MV: I would say Russell Westbrook. He is fun to watch and I like that he can do so many different things out on the court — score, create, defend.
PI: Do you watch a lot of basketball? Do you watch many NBA games?
MV: I watch a lot of games, in general. Of course I love the NBA but I probably watch even more Euroleague games because it is much closer to my reality. I never miss a Milan game in Euroleague and I really like watching Barcelona, Real Madrid and Efes Istanbul, among others. The Euroleague playoffs have been very competitive this season — so many close games!
PI: Who is the best player or the toughest guy you have had to guard this season?
MV: To be honest, even though this is my first season at pro level and I still have so much to learn, I can’t say that I have faced anyone I couldn’t guard or keep up with. Among my peers, the player that has impressed me the most this season is Matteo Spagnolo from Real Madrid. When we played them last year I thought we did a good job guarding him, but this year at the Adidas Next Generation Tournament finals in Istanbul he was unstoppable for me. He has really improved a lot and is going to be a great player.
PI: Did you play together with Matteo Spagnolo before he went to Madrid?
MV: Actually no, we just missed each other. I arrived in Stella Azzurra the year he left.
PI: You guys came very close to beating Real Madrid in the ANGT championship game in Istanbul this year, probably the closest anyone has been in recent memory. Had Spagnolo still been on your side you probably would have won this time around?
MV: We would have been unbeatable (laughs). Actually, two years ago, my first season here in Stella Azzurra, when we still had Yannick Nzosa (a potential future NBA lottery pick) too, we beat Real Madrid twice.
PI: Have you considered the option of playing in the NCAA, yet?
MV: Yes, of course I would be interested in going to the USA to play in the NCAA also, but thus far no college team has offered me a scholarship. I am keeping all of my options open, though. I don’t have an agent yet and I trust that the Stella Azzurra coaching staff will advise me and help me make the right choices for my future. Right now, I am simply working hard to be the best player I can be.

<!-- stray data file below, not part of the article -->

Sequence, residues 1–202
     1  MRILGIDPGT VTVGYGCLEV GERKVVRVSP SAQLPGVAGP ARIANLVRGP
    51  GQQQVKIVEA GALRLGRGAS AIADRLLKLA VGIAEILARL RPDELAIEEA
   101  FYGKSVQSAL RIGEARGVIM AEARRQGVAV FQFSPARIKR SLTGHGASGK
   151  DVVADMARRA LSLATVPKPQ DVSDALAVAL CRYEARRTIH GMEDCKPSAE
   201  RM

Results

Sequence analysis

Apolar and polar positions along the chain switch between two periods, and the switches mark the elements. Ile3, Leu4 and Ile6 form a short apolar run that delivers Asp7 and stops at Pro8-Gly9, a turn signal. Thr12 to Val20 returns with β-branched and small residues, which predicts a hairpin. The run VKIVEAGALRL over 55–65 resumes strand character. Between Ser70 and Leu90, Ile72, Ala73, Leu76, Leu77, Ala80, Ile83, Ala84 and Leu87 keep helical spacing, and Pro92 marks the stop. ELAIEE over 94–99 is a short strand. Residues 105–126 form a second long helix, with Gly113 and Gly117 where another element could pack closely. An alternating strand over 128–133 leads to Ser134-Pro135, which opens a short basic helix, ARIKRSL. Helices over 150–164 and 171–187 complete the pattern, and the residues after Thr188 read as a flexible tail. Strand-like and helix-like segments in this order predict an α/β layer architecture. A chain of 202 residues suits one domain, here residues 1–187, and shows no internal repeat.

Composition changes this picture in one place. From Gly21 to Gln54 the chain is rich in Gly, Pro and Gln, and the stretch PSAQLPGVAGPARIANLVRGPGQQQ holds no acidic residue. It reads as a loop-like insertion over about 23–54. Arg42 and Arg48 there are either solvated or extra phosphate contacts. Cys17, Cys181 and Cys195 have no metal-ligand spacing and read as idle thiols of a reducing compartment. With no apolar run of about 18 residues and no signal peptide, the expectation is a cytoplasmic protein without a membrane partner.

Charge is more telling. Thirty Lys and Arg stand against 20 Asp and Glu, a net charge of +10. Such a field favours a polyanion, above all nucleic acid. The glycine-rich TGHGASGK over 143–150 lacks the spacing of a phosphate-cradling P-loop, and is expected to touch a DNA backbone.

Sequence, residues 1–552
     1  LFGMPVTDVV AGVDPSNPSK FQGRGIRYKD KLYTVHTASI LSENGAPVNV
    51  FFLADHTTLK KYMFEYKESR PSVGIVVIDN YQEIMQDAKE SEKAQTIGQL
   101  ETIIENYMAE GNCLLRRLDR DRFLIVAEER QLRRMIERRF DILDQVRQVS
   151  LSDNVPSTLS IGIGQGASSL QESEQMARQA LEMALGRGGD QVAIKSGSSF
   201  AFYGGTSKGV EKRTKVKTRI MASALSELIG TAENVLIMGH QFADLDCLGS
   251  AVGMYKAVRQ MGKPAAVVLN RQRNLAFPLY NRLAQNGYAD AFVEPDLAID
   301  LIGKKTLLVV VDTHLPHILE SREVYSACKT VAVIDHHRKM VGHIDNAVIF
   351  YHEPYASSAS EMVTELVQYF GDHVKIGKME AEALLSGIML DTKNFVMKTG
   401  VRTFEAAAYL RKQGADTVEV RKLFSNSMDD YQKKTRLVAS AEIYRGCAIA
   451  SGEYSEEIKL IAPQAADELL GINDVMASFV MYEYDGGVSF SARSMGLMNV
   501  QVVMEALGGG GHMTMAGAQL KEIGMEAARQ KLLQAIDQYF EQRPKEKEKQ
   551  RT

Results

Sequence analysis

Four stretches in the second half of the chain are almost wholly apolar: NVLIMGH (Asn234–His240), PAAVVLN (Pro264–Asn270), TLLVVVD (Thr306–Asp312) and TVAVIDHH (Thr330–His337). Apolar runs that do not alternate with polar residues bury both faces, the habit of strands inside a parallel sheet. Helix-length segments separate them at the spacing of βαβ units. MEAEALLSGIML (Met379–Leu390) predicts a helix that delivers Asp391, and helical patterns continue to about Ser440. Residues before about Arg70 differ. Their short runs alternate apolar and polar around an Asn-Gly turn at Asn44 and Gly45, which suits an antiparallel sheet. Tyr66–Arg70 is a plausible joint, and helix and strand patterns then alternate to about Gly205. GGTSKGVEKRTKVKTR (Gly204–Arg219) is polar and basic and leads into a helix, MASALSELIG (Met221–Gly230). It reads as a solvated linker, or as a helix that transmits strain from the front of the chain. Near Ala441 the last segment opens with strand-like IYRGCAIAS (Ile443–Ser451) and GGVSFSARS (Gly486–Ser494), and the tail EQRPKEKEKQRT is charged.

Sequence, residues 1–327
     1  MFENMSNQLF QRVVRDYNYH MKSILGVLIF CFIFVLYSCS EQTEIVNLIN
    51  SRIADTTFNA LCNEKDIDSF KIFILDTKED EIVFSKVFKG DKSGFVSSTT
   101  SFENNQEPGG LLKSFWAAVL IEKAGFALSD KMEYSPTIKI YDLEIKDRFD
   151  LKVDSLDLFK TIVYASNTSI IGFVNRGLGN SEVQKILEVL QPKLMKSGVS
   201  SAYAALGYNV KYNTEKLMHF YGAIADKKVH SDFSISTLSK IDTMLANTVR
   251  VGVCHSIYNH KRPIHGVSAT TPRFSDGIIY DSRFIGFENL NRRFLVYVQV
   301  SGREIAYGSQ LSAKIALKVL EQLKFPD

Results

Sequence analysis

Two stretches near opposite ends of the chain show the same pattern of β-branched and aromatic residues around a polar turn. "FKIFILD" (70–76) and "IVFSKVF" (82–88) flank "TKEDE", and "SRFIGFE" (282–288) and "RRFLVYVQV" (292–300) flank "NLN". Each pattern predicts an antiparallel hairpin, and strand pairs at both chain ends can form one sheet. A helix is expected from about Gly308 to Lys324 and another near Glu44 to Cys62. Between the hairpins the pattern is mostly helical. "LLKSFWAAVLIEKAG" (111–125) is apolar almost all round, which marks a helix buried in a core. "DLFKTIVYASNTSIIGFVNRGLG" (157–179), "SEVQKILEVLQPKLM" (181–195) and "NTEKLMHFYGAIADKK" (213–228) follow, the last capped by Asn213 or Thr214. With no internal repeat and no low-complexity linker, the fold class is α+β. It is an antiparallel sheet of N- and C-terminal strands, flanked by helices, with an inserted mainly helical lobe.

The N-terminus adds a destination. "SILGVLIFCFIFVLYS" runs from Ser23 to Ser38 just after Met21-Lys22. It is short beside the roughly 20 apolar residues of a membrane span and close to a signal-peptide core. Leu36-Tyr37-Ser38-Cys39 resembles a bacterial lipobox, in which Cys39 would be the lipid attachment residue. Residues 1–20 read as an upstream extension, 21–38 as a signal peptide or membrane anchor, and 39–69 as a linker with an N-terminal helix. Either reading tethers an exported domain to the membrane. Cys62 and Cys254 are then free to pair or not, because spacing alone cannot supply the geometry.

PI: What is your academics situation?
MV: I am in my third year of high school (which is five years long in Italy) so I have two more years until I get my diploma. I go to a regular public high school every morning. Obviously this year we have split time between online courses and actual physical presence lessons but I have managed to maintain my good grades. Here at Stella Azzurra we have access to any kind of tutoring we need. My high school courses are heavy in the mathematics and science department. I am studying English too, of course, and actually speak it pretty well now because I am around so many foreign players on a daily basis.
PI: What do you like to do in your free time?
MV: I don’t really have much free time (laughs). In the morning I go to class, in the afternoon I usually practice with the U18 team and then after I rest before practicing again with the pro team in the evening. After dinner, I often have to finish up my homework. So really my main activity when I am not studying or playing basketball is resting up and recharging my batteries.
PI: And finally, what are your long-term goals?
MV: I will take things step-by-step. I hope to be able to have an even bigger role with both the Stella Azzurra junior and senior teams for the remainder of the season. This summer I hope to play for the Italian U18 National Team. Then we will see what happens next year. Maybe college. Maybe a bigger role with the Stella Azzurra pro team. Maybe I will be loaned to another team. The important thing is that I can continue to pursue my dream of playing basketball for a living.